Novel Coronavirus: preventative measures for ships’ crew and passengers

Maritime Mutual Risk Bulletin No. 23

Coronavirus Testing

Introduction

Media coverage of the Wuhan, China, origins and spread of Novel Coronavirus has been intense and MM members will undoubtedly be aware of this health risk.  It is now confirmed that the virus is being spread by human to human contact and infection has extended globally. This Risk Bulletin is focused on the potential Novel Coronavirus danger to ships and their crews, especially those currently trading into China and other countries where the virus has now surfaced.

Background

On 31 Dec 2019, the WHO was alerted to several cases of pneumonia in Wuhan City, Hubei Province, China. One week later, on 7 January, Chinese authorities identified a new Coronavirus from a family of viruses which includes the common cold, SARS and MERS. The Novel Coronavirus virus has been formally designated by the WHO as 2019-nCoV.

On 30 Jan 2020, it was announced that the WHO have elevated the Coronavirus to a ‘Public Health Emergency of International Concern’. At the time of writing this Risk Bulletin, there is no specific treatment for Coronavirus and no vaccine has yet been developed.

Crew and Passenger Safety

To optimize crew and passenger safety, MM recommends that members should:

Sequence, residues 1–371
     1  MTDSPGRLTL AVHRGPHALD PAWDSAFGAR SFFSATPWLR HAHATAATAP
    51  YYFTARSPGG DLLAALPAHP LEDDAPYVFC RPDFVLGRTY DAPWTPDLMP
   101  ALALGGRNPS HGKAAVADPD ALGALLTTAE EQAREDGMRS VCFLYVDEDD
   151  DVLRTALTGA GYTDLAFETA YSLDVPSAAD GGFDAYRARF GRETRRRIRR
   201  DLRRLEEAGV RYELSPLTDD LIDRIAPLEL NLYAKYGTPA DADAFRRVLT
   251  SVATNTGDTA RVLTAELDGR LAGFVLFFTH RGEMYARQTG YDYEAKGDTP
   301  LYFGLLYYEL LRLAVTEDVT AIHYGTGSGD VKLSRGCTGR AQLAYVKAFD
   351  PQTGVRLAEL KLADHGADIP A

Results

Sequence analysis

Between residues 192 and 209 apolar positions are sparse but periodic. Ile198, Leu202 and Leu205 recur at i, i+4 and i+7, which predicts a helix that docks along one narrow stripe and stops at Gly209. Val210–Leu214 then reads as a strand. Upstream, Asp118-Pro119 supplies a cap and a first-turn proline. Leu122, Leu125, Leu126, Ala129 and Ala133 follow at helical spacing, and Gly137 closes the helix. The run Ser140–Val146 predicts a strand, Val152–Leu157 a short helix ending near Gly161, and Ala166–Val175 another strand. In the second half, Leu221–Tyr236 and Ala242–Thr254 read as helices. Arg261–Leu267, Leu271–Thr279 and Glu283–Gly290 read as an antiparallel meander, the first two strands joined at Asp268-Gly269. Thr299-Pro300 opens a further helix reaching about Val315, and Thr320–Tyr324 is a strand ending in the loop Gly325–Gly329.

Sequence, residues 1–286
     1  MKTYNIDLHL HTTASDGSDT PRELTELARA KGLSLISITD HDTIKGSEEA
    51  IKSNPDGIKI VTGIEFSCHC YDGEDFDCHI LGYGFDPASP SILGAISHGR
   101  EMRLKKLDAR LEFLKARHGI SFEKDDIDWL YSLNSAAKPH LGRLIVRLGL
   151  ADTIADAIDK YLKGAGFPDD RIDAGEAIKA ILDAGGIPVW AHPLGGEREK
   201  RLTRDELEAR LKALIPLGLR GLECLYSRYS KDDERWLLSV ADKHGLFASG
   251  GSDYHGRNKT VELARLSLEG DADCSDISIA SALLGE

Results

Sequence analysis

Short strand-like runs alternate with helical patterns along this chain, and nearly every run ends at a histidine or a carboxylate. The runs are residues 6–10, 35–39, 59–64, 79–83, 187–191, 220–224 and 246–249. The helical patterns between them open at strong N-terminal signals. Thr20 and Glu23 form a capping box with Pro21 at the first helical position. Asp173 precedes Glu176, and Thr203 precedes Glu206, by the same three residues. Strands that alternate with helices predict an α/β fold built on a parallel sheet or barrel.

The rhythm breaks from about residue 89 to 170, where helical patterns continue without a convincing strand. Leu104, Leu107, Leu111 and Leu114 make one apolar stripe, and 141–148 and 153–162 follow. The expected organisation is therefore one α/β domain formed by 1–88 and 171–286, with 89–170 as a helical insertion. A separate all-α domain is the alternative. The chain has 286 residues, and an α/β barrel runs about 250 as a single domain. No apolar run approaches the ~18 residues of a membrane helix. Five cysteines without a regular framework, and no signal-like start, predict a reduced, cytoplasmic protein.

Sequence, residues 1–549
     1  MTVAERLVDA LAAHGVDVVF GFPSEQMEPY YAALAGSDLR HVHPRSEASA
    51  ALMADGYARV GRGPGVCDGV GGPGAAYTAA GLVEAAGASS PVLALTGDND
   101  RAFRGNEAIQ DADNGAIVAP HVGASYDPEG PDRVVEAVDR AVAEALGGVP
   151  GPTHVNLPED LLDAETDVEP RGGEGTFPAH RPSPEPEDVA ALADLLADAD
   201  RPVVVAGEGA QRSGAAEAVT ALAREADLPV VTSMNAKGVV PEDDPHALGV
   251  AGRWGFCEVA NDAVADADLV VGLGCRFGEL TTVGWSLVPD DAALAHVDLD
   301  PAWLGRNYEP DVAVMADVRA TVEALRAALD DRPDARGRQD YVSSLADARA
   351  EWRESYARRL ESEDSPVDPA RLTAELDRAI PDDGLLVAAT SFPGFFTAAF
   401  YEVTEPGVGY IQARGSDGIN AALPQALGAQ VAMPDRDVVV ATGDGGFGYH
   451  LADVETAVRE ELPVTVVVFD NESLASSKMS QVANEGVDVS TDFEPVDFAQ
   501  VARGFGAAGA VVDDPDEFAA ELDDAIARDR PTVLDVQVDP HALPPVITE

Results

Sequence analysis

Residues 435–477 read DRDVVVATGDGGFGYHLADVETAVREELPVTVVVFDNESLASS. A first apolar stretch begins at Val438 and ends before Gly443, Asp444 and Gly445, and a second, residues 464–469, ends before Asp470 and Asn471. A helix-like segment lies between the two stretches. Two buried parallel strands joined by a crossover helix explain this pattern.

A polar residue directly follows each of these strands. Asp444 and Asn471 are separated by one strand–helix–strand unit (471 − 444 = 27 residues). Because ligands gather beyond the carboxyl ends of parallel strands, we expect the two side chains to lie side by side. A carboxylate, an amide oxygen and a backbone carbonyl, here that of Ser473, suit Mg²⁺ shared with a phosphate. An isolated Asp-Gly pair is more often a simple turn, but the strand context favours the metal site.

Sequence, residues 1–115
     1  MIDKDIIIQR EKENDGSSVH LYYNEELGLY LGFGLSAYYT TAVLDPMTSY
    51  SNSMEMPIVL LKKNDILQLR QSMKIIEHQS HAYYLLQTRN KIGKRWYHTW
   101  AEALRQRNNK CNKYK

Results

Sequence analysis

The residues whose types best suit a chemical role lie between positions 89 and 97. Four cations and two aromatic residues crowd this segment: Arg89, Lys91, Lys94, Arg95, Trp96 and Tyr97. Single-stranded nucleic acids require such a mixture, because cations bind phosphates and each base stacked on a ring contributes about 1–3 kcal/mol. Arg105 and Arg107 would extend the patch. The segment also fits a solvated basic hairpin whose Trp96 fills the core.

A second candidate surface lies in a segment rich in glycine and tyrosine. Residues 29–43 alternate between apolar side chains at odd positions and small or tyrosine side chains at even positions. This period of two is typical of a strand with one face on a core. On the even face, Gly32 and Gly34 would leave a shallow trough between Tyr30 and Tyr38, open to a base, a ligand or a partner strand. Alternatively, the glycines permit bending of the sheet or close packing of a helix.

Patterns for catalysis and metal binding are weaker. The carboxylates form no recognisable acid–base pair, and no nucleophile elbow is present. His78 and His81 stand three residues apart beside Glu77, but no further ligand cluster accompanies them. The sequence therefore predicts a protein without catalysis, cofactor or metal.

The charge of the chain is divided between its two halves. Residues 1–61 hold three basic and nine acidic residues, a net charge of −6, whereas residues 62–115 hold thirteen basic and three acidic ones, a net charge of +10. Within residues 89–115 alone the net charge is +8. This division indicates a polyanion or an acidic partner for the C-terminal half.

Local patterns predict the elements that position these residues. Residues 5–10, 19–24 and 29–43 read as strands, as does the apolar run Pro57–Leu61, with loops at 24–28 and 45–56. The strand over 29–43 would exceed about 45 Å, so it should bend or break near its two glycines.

1. Stay fully informed by checking the WHO Novel Coronavirus page daily.

2. Well before arrival at an affected port area, ensure that all crew and passengers understand the dangers of infection and the WHO recommended procedures to minimise those dangers.

NOTE: The WHO website provides downloadable coloured health and hygiene posters suitable for printing and posting in the ship’s galley, messrooms and other public areas on board. MM recommends their utilisation.

3. MM’s suggested Coronavirus prevention and control checklist for shipboard use, based on the WHO’s basic guideline for reducing the transmission of disease, is as below:

Know the symptoms Fever, cough, shortness of breath and breathing difficulties. In more severe cases: pneumonia, severe acute respiratory syndrome (SARS) and kidney failure. If a crewmember exhibits signs of infection, seek urgent medical attention and control the spread of infection as per your contingency plan.